"What is the Open Web and Why it Matters" - Tristan Nitot (note: the slide mentions 2008 and there's a nice Fennec poster to the left)
Today is the first of a series of MozCamps, held at the Surfnet HQ in Utrecht. Some notes…
Tristan Nitot (chairman of Mozilla Europe) started his talk about the Open Web and why it matters. Quote: “standards are boring“, but they are essential for interoperability. So I can care about the brand of my phone (iPhone vs Nokia) and convey my lifestyle, rather than worrying about the network operator I’m using.
Also, standards enable the network effect: the value of all users combined on one single network is much more than the sum of users of disjoint networks.
Standardization worked out for telephony and email, but initially failed for IM (iCQ vs Yahoo vs MSN vs Jabber and so on – remember Excite PAL?).
Same considerations apply for using proprietary plugins in browsers (Adobe Flash) vs using native browser capabikities, based on open standards: Canvas as a widely implemented alternative.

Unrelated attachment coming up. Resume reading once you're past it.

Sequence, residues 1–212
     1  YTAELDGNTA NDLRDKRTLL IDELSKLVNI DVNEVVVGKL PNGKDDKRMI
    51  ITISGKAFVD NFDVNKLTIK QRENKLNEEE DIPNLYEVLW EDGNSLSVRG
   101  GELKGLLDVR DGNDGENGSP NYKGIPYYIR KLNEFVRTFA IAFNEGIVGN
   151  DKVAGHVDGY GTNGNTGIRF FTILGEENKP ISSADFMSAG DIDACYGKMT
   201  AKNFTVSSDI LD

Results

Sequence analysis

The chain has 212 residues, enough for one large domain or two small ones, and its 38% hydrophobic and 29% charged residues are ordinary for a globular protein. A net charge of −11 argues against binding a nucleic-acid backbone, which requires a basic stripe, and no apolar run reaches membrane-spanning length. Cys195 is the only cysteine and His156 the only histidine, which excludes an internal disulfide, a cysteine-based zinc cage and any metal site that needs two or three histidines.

The message is: we should improve the market share of open standards based browsers and enjoy the interoperability.
Next Paul Rouget gives a demo of some these new cool features: native video, canvas, css3, filters, clip paths, canvas overlays… cool stuff indeed!
Tristan Nitot again: the web is not TV, we can not only consume the content but change it if we want!
Demo of people unknowingly working together: ThruYOU – a mix of youtube videos, resulting in a funky song. Each users’ contribution was useful even if they didn’t know in advance what their work would be used for. That is exactly how Open Source development is working.
Nitot again: do we want TV and passively consume content, or be part of a world where we can participate instead?